What is Denglish? Why Denglish?

Following on from our previous blog on translations and the use of anglicisms and pseudo-anglicisms, we tackle another language phenomenon in this blog series.

These developments are in large part a result of the world today becoming a global village – a claim that isn’t without reason. People, cultures and languages are increasingly blending together and shrinking both borders and cultural differences into the bargain. Much like in the popular American TV series Altered Carbon – a sci-fi show where characters use a mix of words from different languages to communicate – the future could see us all speaking a new hybrid language made up of multiple world languages. The nascent stages of this potential development, however, are largely bilingual in nature.

Take Germany, for instance, where proficiency in English and the use of English vocabulary has grown and slowly but surely encroached into work and daily life. This mash-up of foreign words in English together with the mother tongue German (Deutsch) has even earned itself the moniker ‘Denglish’ or its less popular variants ‘Germlish’, ‘Genglish’ and ‘Angleutsch’. While there are several definitions of the term out there today, for the sake of simplicity, this blog considers all variations of this phenomenon to be Denglish.

Denglish in the workplace

German workplaces are equally a cultural melting pot, welcoming a multitude of expats and global citizens over the past years and decades. Language has naturally followed suit – with some big German companies even changing their main corporate language from German to English in line with their international expansion and for a better understanding of their business activities. Corporate conference rooms and corridors in Germany are therefore abuzz with words, phrases and jargon naturally borrowed from the English language.

The ongoing pandemic has seen nouns such as ‘Home Office’ and ‘Homeschooling’ leading this Denglish line-up. Other buzzwords such as ‘Out-of-the-box-Denken’, ‘Disruptive Ideen’, ‘Low-hanging Fruit’ and ‘Thought Leadership’ have become common parlance in corporate meetings. But Denglish is also constantly evolving – take the superfluous use of the same word in both languages (‘Dienstleistungen & Services’), for instance, or the emergence of new words that are simply a Germanisation of English words (do ‘meeten’, ‘callen’ and ‘mailen’ ring a bell?).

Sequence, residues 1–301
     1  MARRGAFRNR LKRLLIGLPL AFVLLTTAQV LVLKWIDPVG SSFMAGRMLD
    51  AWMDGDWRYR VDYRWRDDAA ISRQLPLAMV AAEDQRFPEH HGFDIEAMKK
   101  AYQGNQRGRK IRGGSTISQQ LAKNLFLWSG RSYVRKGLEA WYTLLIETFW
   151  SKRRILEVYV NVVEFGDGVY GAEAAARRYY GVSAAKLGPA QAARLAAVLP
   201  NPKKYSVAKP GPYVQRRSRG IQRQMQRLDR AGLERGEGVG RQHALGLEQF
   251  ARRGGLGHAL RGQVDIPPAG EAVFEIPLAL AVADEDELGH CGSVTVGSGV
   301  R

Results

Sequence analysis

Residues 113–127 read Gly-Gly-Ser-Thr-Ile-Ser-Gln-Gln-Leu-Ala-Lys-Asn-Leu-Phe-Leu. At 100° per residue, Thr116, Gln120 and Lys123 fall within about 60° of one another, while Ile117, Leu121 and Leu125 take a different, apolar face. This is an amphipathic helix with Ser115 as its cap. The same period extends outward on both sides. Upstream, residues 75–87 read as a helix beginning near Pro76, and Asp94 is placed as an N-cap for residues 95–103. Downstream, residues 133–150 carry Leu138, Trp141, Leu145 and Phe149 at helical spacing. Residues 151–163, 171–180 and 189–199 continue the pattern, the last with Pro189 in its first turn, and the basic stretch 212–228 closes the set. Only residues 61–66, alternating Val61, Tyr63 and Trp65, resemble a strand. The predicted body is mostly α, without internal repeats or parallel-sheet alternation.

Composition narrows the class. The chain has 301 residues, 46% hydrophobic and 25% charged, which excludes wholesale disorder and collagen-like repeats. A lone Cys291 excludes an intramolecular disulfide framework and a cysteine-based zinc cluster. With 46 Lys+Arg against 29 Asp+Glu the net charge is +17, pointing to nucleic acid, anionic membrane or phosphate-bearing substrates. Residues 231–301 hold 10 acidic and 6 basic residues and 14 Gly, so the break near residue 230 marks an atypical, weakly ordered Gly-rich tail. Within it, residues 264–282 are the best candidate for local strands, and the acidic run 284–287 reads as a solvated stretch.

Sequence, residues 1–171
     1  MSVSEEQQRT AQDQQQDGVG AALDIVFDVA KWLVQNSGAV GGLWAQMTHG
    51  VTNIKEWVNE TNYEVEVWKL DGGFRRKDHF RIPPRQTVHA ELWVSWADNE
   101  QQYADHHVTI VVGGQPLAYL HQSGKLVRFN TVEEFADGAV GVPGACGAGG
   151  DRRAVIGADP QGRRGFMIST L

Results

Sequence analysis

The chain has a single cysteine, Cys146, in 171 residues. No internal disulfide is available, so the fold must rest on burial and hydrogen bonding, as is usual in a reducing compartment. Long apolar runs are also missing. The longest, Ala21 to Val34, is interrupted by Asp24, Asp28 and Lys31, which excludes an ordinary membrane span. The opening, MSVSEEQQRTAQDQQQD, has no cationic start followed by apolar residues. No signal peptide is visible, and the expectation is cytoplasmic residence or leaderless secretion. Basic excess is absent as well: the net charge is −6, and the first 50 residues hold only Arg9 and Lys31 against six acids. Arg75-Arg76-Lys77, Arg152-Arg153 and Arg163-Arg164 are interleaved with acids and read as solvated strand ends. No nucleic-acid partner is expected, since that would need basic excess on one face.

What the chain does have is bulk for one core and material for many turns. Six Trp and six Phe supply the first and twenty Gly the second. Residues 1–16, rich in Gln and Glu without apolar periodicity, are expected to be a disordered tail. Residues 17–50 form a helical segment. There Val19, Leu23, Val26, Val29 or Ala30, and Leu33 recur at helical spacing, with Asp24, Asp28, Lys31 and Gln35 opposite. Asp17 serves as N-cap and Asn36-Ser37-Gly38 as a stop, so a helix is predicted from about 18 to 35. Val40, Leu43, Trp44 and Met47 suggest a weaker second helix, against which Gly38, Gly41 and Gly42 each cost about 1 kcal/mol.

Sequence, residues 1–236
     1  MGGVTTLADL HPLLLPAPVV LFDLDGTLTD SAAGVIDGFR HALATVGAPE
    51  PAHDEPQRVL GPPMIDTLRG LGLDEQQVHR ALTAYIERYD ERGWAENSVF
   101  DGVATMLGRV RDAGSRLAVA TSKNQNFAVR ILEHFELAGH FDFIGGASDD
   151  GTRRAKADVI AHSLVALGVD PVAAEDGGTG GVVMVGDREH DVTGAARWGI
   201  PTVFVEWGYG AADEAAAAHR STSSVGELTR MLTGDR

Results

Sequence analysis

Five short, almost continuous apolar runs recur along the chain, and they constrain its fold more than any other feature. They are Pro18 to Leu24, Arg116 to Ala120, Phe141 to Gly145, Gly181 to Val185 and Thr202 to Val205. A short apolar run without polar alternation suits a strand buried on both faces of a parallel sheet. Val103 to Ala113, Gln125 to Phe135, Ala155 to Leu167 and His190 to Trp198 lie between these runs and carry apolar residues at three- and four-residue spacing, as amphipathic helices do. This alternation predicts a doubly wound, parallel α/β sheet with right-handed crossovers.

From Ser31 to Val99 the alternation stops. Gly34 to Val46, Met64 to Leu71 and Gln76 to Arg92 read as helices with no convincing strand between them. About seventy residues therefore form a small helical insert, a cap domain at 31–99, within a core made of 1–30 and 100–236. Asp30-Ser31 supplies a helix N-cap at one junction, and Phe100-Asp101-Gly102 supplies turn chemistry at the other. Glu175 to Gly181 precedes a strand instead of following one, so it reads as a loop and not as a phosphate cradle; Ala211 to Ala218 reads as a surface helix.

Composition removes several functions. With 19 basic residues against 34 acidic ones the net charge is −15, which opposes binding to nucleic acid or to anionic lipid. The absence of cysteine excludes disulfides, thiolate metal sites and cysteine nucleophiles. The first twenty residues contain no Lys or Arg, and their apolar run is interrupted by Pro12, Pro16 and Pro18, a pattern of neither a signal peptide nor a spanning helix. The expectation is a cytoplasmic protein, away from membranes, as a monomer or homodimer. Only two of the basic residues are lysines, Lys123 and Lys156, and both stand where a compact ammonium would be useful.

Denglish is all the rage

Outside the workplace, Denglish has taken root in aspects of daily life, too. Look no further than today’s teenagers, who use English slang words such as ‘nice’ or ‘lit’ as adjectives to describe the latest pair of trainers. Retail stores now stock items such as ‘Longsleeves’ (instead of long-sleeved T-shirts), ‘Sweats’ (instead of sweatshirts) and ‘Cold Shoulders’ (for cold-shoulder tops), offering customers the option to enjoy some online ‘shoppen’. Out on the playing field, teams are motivated with words such as ‘performen’, ‘fighten’ and ‘mehr Effort’.

Even advertisements are interspersed with English words. A platform that sells refurbished smartphones, for instance, talks about a device being ‘legit new’. There’s also a bank that promises its customers ‘no bullshit’ (a cuss word perhaps best reserved for non-financial matters) with the range of services they offer. The entertainment arena equally abounds with songs about ‘beats’, ‘groove’ and ‘flow’, and although films continue to be dubbed into German, titles now often retain their original English names, with just taglines being translated into German.

Denglish buzzword bingo

While we, as language buffs, might very well be pedants – and so should you – when it comes to correct language usage in official communication of any kind, we are always open to new creations and combinations of words as well as their use in casual conversation. After all, it’s important to keep pace with changing times and the ever-evolving world of language.

So where does that leave you when it comes to Denglish? Should you, as a native speaker in the German-speaking world, become a language blender? Our advice is to ‘keep calm and bingo on’ verbally – with the help our Denglish buzzword bingo card. Let us know what other Denglish words you use or hear at your next meeting or get-together – it’ll help us with the 'updaten’ of our list!

meeten sharen liken schedulen
recyclen challengen downloaden checken
mailen updaten relaunchen brainstormen
performen streamen canceln upgraden

Saveen Uthappa-Eck

Saveen works as a translator, editor and content writer on the English team. A true-blue language fan, she enjoys crosswords and watching foreign-language shows and movies in her spare time.
Saveen Uthappa-Eck